“Digitising the underwriting process has certainly lowered the barrier to entry for new, tech-savvy players, but it has also created opportunities for established insurers to improve efficiency and customer experience so they can hold on to their piece of the pie.
“With respect to profitability, the hard market has taken care of some of that organically, but from a longer-term view, insurers can focus on offering additional services – such as risk mitigation advice or personalised customer experiences – to help differentiate themselves and justify increased premiums, along with streamlining processes through automation and AI to reduce operational costs.”
While some businesses choose to capitalise on chaos and uncertainty, others feel compelled to evolve to stay competitive. As this demand only rises, dynamism has never been a more important skill for carriers to have in their repertoire.
Potter opened up on how insurers are being forced to recalibrate their underwriting strategies amidst the economic uncertainty. She said, “It really depends on the insurer and things like their current combined ratio, risk mix, and appetite for potential profit and loss. The insurance industry is dynamic, and factors including emerging technologies, shifts in consumer behaviour, and changes in risk profiles – due to climate change, for instance – are constantly forcing them to evolve – or at least to consider how they can manage change.”
Is Generative AI the future?
According to the Generative AI website, despite being a fledgling technology, GenAI is a type of artificial intelligence that can create a wide variety of data, such as images, videos, audio, text, and 3D models. It does this by learning patterns from existing data, then using this knowledge to generate new and unique outputs. GenAI is capable of producing highly realistic and complex content that mimics human creativity, making it a valuable tool for many industries.
GenAI is already shaping the future across various domains, and its influence on our lives is set to grow exponentially, according to the site.
dacadoo’s Blake Hill firmly believes that GenAI can be integrated into underwriting programmes globally, reducing the risk of human error, and producing a more streamlined and refined approach to underwriting.
Hill said: “Where Generative AI can be used without sharing any client private data or proprietary underwriting model details, a generative AI could be used to summarise lengthy documents, compare across different providers/commentators, and extract data into formats, thus reducing the effort of human underwriters.
“Furthermore, Generative AI could be used to write feedback for advisors/customers regarding the analysis and decision of underwriting.”
While the future with widespread Gen AI implementation would see less human errors, it certainly would not cut people out of the process. In fact, underwriters would still play a vital part of the future of digital underwriting. However, AI will prove to be an unimaginable advantage for insurance companies that seize the opportunities to integrate it into their solutions.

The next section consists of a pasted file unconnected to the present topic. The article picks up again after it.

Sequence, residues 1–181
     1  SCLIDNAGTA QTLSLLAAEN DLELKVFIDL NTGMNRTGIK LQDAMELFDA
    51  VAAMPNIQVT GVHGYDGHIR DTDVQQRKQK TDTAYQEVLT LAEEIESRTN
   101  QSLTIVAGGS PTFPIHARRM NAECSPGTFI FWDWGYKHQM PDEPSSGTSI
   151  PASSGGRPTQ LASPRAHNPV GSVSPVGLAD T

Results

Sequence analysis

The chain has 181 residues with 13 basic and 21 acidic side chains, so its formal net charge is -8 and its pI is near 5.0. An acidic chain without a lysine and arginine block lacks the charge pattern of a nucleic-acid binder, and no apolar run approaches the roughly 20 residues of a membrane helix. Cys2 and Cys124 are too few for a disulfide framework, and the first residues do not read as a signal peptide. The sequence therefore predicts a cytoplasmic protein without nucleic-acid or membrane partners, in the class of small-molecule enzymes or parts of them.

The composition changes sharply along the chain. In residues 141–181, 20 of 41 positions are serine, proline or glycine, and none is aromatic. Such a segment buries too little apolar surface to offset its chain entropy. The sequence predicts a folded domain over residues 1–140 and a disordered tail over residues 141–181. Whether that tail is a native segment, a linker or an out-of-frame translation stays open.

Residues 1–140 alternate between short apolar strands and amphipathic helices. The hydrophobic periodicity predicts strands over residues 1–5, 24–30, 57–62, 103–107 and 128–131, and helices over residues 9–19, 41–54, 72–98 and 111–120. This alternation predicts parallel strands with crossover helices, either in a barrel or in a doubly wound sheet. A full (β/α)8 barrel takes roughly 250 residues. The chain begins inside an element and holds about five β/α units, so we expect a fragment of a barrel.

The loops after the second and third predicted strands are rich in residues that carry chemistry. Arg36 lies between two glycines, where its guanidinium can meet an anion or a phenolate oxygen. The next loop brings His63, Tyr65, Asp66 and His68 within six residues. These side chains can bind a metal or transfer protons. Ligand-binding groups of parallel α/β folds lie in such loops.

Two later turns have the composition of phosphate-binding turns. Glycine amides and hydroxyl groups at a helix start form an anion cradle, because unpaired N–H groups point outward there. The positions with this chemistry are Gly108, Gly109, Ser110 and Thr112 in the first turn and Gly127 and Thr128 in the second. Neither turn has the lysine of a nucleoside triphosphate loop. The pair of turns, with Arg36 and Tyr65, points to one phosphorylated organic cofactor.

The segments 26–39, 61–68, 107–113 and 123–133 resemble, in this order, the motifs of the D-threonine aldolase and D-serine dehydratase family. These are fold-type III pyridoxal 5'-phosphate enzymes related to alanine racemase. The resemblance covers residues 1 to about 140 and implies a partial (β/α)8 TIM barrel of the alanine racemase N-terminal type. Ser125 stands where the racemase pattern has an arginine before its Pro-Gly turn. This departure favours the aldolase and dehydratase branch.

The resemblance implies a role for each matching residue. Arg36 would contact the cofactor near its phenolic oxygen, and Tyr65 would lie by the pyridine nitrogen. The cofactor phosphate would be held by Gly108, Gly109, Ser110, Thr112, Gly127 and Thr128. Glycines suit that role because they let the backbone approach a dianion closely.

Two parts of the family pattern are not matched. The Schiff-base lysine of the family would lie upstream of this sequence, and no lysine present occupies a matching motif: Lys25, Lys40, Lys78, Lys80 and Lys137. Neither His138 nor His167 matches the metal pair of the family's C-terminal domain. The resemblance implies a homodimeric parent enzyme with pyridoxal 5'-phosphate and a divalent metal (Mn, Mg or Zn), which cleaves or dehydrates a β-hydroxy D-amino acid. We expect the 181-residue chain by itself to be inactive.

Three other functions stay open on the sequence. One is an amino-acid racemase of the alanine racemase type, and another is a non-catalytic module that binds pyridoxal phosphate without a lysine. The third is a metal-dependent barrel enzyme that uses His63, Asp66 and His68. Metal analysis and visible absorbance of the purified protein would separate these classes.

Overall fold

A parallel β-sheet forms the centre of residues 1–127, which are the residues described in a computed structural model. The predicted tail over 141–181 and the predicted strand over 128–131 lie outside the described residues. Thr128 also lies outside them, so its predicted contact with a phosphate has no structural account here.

Potter explained the role that GenAI could play in the future of underwriting. She said, “Because Generative AI is capable of analysing large datasets rapidly and can extract insights that might not be immediately apparent to human actuaries or underwriters, it can help insurers make more informed decisions on individual risks and can also help them to refine their overall underwriting strategies.
“Additionally, AI can automate parts of the underwriting process, such as data collection and an initial risk assessment, freeing up human underwriters to focus on more complex cases.”
However, some are still wary of the potential pitfalls of GenAI technology. distriBind CEO Connors was one to speak out, admitting that the technology, while innovative, will not solve every problem for insurers.
Connors said, “AI can be used to quickly summarise large sets of data, and highlight anomalies for further attention. This can be a significant time-saver and allow more efficient decision making. There is a danger, however, in over-reliance on this from people who misunderstand what generative AI actually is and how it generates its answers. It should be a tool to support decision making, not the decision maker.”
Global carriers now see the impending digitalisation of underwriting as a necessity, not just an option. With competition and consumer demands at an all-time high, insurers must streamline their processes. Particularly when you consider that insurance in many cases, is such a personal market to the users. Digital underwriting capabilities would offer firms the ability to recalibrate and restructure their organisations, to put the user first.
For carriers aiming to remain relevant in the long run, integrating GenAI as a digital solution into their underwriting platform is certainly a game-changing possibility. But the challenge of not losing the personal touch – that so many consumers find vital – will loom large for carriers. So while change is certainly a headache, and keeping traditional processes is definitely the easier option, long-term prosperity may necessitate insurers taking the leap toward digital underwriting.